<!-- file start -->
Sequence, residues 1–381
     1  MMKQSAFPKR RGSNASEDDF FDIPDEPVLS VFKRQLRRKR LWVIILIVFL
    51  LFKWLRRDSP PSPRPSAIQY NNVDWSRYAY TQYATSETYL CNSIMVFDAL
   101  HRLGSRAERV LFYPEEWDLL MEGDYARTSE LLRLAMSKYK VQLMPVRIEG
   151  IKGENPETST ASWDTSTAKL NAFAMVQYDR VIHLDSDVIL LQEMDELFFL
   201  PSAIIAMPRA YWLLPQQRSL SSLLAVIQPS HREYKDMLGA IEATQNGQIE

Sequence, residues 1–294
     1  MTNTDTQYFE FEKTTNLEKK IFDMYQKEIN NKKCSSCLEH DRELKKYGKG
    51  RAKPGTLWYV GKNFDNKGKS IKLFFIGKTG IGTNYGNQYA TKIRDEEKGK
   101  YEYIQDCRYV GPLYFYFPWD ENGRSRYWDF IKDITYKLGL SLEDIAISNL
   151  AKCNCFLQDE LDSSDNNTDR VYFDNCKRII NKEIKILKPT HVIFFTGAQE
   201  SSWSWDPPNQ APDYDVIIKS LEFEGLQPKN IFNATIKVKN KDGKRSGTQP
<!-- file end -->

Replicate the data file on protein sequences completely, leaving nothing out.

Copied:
Sequence, residues 1–381
     1  MMKQSAFPKR RGSNASEDDF FDIPDEPVLS VFKRQLRRKR LWVIILIVFL
    51  LFKWLRRDSP PSPRPSAIQY NNVDWSRYAY TQYATSETYL CNSIMVFDAL
   101  HRLGSRAERV LFYPEEWDLL MEGDYARTSE LLRLAMSKYK VQLMPVRIEG
   151  IKGENPETST ASWDTSTAKL NAFAMVQYDR VIHLDSDVIL LQEMDELFFL
   201  PSAIIAMPRA YWLLPQQRSL SSLLAVIQPS HREYKDMLGA IEATQNGQIE

Sequence, residues 1–294
     1  MTNTDTQYFE FEKTTNLEKK IFDMYQKEIN NKKCSSCLEH DRELKKYGKG
    51  RAKPGTLWYV GKNFDNKGKS IKLFFIGKTG IGTNYGNQYA TKIRDEEKGK
   101  YEYIQDCRYV GPLYFYFPWD ENGRSRYWDF IKDITYKLGL SLEDIAISNL
   151  AKCNCFLQDE LDSSDNNTDR VYFDNCKRII NKEIKILKPT HVIFFTGAQE
   201  SSWSWDPPNQ APDYDVIIKS LEFEGLQPKN IFNATIKVKN KDGKRSGTQP